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Disability Support Services - Kokomo, Peru, Logansport, Rochester: Study Resources & Organizational Tools

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Study Resources & Organizational Tools

College can be difficult, even if you have prepared. Below are some tips to assist and potentially improve study and organizational skills.

Establish Healthy Habits

Set a routine for yourself. It’s been said it takes about three weeks for a new routine or habit to ‘stick’ or become a natural inclination. Be patient with yourself, but remain disciplined. Some things to think about when establishing your routine:

1. Allow yourself at least 6 hours of sleep each night. This allows your brain and body to re-charge.

2. Eat healthy meals. (Yes, that means fruits and veggies too!) A local resource is the Purdue Extension Office

3. Take breaks. Productivity is important, yes, but you also need time to decompress and rejuvenate. Some studies have shown that short breaks throughout your day actually increase productivity.

Plan ahead. Give yourself enough time to complete the tasks assigned to you.

Maintain a motivated attitude. One of the best ways to ensure you remain motivated is to find an accountability partner. Choose a friend, mentor, or classmate to help keep you on track. Ask them to hold you accountable to your plans by answering these questions:

1. What will you do… (what’s the next step, planning or prepping needed, what’s plan B if plan A falls through, etc.)?

2. By when will you… (complete your assignment, clean your room, schedule that appointment, etc.)?

3. How will I know… (when your task is complete, you’ve been successful, accomplished your goal, etc.)?

How to Schedule a Calendar

Find a calendar or planner in a format that works for you. Perhaps a simple weekly planner with boxes for each day would work best. Another option would be using a white board to write in obligations for a week or two at a time. It’s a great, quick visual.

  • First, start scheduling your calendar with fixed appointments. Fixed appointments are those obligations you are unable to change. Examples would be classes, times to pick up your kids, job schedules or events/appointments you are committed to such as a support group, volunteering or church.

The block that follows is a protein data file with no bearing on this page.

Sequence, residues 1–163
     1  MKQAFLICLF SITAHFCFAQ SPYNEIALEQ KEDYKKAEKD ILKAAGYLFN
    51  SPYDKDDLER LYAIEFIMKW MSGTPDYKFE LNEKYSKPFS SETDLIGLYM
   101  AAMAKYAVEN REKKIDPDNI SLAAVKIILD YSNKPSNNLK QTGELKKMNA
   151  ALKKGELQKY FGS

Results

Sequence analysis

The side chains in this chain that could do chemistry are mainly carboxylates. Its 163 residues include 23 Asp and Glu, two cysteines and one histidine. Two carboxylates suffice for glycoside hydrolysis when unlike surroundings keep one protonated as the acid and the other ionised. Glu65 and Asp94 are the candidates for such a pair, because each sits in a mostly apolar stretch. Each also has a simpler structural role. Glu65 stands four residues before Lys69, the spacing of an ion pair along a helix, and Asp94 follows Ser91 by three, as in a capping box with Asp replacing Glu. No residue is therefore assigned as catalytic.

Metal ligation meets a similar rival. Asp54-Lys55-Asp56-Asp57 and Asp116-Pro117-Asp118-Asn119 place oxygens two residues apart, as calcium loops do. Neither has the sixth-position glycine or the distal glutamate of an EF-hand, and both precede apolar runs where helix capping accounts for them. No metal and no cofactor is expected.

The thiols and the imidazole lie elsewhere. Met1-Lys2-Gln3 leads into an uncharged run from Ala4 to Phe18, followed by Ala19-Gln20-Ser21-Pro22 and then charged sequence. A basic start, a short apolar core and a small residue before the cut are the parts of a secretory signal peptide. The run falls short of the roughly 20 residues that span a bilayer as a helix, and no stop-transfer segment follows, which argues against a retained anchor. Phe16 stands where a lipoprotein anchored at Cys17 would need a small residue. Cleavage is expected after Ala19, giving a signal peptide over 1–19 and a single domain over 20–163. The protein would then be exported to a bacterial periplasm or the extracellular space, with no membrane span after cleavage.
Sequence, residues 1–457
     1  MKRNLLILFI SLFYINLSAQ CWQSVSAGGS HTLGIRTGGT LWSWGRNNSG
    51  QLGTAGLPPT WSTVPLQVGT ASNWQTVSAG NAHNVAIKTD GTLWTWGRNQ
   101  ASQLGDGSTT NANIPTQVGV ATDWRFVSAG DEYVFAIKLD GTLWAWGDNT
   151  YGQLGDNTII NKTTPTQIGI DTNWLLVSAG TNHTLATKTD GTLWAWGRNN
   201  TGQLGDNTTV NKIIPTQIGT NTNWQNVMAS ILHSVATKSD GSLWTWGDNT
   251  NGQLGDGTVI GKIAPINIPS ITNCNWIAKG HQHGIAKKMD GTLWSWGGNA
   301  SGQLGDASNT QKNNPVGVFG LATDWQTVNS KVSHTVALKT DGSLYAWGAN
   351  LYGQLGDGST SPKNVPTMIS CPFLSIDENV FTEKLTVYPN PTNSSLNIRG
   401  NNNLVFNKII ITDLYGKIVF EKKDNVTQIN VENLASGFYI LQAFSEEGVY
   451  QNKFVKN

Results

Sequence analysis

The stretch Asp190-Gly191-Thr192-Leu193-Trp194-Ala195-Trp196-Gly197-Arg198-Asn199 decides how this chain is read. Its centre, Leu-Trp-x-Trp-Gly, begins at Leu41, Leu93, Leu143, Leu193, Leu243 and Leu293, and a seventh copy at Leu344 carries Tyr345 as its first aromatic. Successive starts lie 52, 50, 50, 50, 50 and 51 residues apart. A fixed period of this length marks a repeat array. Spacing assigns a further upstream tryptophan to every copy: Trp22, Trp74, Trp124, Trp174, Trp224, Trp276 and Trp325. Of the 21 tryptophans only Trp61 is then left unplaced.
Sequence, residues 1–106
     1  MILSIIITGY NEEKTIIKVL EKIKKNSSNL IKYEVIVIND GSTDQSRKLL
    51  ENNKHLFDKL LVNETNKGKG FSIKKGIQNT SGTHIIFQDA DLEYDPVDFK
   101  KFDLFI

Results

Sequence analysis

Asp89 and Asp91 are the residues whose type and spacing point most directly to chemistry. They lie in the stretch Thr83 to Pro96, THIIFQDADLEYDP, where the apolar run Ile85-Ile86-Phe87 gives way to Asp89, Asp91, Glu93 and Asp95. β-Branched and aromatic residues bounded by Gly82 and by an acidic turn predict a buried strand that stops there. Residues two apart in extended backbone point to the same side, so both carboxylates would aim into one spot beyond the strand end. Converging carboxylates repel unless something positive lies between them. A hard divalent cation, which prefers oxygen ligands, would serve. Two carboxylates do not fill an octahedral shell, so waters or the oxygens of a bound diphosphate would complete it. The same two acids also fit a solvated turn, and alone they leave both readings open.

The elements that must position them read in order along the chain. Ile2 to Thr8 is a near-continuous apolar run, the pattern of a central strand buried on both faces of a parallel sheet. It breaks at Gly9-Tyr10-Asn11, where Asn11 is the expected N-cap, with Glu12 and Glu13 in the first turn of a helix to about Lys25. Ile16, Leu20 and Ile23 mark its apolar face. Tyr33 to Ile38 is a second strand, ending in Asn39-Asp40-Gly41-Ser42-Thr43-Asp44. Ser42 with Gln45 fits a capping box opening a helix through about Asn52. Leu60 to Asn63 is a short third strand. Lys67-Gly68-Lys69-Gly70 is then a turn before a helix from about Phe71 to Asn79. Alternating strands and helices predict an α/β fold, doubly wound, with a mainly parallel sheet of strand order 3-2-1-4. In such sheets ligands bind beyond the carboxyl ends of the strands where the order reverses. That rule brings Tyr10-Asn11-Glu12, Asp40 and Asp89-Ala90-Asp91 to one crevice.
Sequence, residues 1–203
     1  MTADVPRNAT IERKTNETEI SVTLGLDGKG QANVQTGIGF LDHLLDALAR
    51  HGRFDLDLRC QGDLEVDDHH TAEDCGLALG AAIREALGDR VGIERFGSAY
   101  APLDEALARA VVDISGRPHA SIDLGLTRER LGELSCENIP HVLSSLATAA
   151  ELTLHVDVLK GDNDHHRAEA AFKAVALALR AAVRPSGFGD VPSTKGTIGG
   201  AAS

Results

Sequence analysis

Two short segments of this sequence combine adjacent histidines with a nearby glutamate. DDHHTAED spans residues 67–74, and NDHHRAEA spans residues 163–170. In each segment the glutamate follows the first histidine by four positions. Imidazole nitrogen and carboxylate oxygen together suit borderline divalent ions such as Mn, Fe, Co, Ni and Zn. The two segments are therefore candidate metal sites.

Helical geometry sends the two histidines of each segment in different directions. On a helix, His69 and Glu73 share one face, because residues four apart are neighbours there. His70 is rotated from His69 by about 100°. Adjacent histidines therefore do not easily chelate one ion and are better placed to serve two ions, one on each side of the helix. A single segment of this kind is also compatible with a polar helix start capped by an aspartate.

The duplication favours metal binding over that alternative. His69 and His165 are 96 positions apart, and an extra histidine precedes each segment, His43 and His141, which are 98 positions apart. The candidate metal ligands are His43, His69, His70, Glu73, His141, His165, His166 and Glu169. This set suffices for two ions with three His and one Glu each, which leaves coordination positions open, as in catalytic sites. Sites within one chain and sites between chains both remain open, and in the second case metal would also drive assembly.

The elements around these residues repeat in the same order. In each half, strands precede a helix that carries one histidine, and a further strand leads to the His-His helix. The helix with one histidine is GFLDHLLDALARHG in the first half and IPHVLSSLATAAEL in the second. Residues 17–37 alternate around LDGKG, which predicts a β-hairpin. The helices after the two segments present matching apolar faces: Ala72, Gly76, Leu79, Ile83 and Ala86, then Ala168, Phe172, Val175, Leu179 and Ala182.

• Secondly, fill in the time with those things that are non-negotiable, but somewhat flexible in scheduling. This would be responsibilities such as your homework, studying for exams, grocery shopping, paying bills, or potentially appointments with the doctor, dentist or hair stylist.
  • Finally, schedule the items that you would enjoy, if time allows. Perhaps you would enjoy spending a weekend with your friends or family or have a hobby you enjoy in your free time. It is always good to take time for breaks. Remember to allow yourself to enjoy and decompress from the ‘to-dos’ vying for your attention.

Creating ‘To-do’ Lists:

There are many different strategies to creating to do lists. Stick to pen and paper or try one of these options:

  • List with check boxes. This is a standby. If it seems too overwhelming, perhaps keep a small notebook and create lists based on projects or assignments. Tasks will then be organized by project.
  • White board or Poster Project Managers—using a cork, poster and white board, divide the space into columns labeled: Plan, In Progress, and Almost Due. Use notecards or sticky notes to track assignments, tests and projects. Move cards as the assignments progress through the stages.
  • 3-2-1 Prep Planner—the idea is to work backward from the end goal. If you know the end result, but aren’t sure how to start, try this strategy by working step-by-step backwards.

Resource: David R. Parker, Ph.D. (CRG, 2011)

Task Management Assistance

  • Track assignments using a paper or electronic calendar. Seeing responsibilities in writing can assist with visualizing your week. Still having difficulties remembering? Make time each week to set alarms or reminder notes for all your appointments.
  • Set up automatic alerts on mobile devices or calendars (Google, Outlook, etc.)
  • Use virtual sticky notes on your computer for reminders
  • Record information on your phone/tablet to remember later. Voice recording, typing a note or taking pictures are good ways to do this.
  • Create a filing system that works for you. Use file folders or notebooks to organize each course. Color code to help visually see which material is paired together for specific projects, homework or research.

Resource: Beth Waite, MA-CCC/SLP-ATP (Children’s Resource Group)